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It could be worse. You could be a Laker fan. Or a Spurs supporter. The moral of the story is the playoffs are hard. Fans have to hang in there.
Even so, this series has been considerably tougher than anticipated (by me in my preview last week among many others).
If the Bulls play their best and the Hawks play their best in what is now a best-of-three series, the Bulls will still prevail. But if the Hawks' Josh Smith (11 huge fourth-quarter points during Sunday's 100-88 Atlanta win that evened the Eastern Conference semifinal showdown two games apiece) continues to mature before our eyes, the margin between the teams shrinks considerably.
In the past, Smith could always be counted on to do something stupid in crunch time. For a long time after he entered the league a half-dozen or so years ago, the prodigiously talented 6-9 forward was in love with his three-point shot. And that was despite the fact that he converted barely a fourth of his long-range bombs (out of more than 150 total attempts) during one particularly egregious season of talent-wasting a few years ago.
While he finally bagged the trifecta (or at least most of them) this past campaign, he was still susceptible to the siren song of open mid-range jumpers. No wonder, really, given how much easier it is to hoist it up from out there rather than going to work in the paint.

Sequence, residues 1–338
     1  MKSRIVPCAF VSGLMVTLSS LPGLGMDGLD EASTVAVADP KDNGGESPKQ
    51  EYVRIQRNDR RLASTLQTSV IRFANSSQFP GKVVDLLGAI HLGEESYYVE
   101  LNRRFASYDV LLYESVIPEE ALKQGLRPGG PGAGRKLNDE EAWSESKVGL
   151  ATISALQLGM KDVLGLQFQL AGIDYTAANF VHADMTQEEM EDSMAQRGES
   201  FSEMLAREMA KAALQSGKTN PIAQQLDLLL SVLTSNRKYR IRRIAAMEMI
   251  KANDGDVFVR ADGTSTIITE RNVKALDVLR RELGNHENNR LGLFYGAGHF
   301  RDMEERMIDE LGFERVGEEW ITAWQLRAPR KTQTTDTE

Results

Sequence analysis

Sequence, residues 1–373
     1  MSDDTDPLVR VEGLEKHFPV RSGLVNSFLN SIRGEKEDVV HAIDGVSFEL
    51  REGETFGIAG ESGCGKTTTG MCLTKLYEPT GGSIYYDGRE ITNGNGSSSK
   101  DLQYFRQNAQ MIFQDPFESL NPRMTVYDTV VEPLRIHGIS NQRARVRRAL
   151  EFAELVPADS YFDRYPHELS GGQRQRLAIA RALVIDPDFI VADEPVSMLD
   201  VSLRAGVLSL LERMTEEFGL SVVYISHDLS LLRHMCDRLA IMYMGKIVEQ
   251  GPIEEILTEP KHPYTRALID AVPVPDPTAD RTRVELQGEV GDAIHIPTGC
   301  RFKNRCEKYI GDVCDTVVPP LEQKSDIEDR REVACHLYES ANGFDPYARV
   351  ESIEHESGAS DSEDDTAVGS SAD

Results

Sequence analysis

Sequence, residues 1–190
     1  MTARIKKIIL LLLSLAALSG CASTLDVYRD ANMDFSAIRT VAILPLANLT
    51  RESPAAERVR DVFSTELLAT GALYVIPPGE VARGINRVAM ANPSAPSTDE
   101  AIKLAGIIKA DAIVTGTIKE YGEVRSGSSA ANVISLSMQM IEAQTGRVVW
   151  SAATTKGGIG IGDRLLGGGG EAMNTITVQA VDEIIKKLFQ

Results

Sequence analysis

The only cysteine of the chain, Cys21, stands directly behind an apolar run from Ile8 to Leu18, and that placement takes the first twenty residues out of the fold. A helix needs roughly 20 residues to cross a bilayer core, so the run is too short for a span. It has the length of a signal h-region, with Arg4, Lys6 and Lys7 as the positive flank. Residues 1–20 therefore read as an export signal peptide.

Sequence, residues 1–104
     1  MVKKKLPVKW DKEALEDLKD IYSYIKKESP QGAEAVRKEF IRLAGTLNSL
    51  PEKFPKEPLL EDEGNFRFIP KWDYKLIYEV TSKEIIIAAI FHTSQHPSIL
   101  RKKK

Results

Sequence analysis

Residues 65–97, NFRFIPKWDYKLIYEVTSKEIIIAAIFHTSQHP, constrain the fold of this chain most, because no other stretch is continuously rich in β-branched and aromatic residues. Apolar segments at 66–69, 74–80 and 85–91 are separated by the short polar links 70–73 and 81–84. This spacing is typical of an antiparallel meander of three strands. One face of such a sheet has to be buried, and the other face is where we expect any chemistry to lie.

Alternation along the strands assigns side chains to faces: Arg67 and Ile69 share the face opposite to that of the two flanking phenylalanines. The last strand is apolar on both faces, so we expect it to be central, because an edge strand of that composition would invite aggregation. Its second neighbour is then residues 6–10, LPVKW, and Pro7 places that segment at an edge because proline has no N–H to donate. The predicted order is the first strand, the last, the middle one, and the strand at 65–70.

But Smith has found his inner muscleman of late and like another 6-9 guy who has lifted his team to crazy new heights during these playoffs - Memphis's Zach Randolph - the Hawk forward can be darn near unstoppable at the rim when he gets going.
As for the Bulls forwards, well, the team has become so accustomed to poor play from Carlos Boozer that when he finally displayed some offensive efficiency on Sunday, especially in the third quarter, his teammates didn't remember how to take advantage of it. When Boozer returned to the floor after taking a brief breather at the start of the final 12 minutes, Rose and Co. failed to find him with the kind of zippy little passes that had set up several slick shots earlier in the second half.
As for Mr. Derrick Rose, he received no rest in the second half (finishing with 45 minutes played out of a maximum 48) and that was a sizable screw-up. It was absolutely predictable that the young point guard's game came apart at the seams down the stretch. If it wasn't bad shots or bad passes, it was just bad choices. And it all added up to bad offense.
Coach Thibodeau is always going to be tempted to play his studs more in playoff games, what with at least one day between all games and with the stakes so high. He cannot give in to that temptation. Rose was clearly fatigued at the end and he needs to be at his absolute best for this team to advance.
Of course all of this has to do with growing pains as well. At times like Sunday's fourth quarter, fans have to remember that this is all new for the MVP. Some lessons can be learned on the fly, especially in regular season. But some are especially hard won, i.e. there is nothing that prepares a young player for the pressure-cooker that is the NBA playoffs.
I hope Luol Deng was paying attention as Josh Smith slashed to the rim for big basket after big basket down the stretch on Sunday. This might have been Deng's worst game of the playoffs and while there is no denying that he needs help to set up his offense, i.e. passes in good spots to either take it inside or fire away with his reliable mid-range jumper, he also needs to assert himself.
In other words, Derrick Rose didn't do a good enough job finding Deng but Deng didn't do a good enough job forcing the issue.
Here's the official NBA recap:
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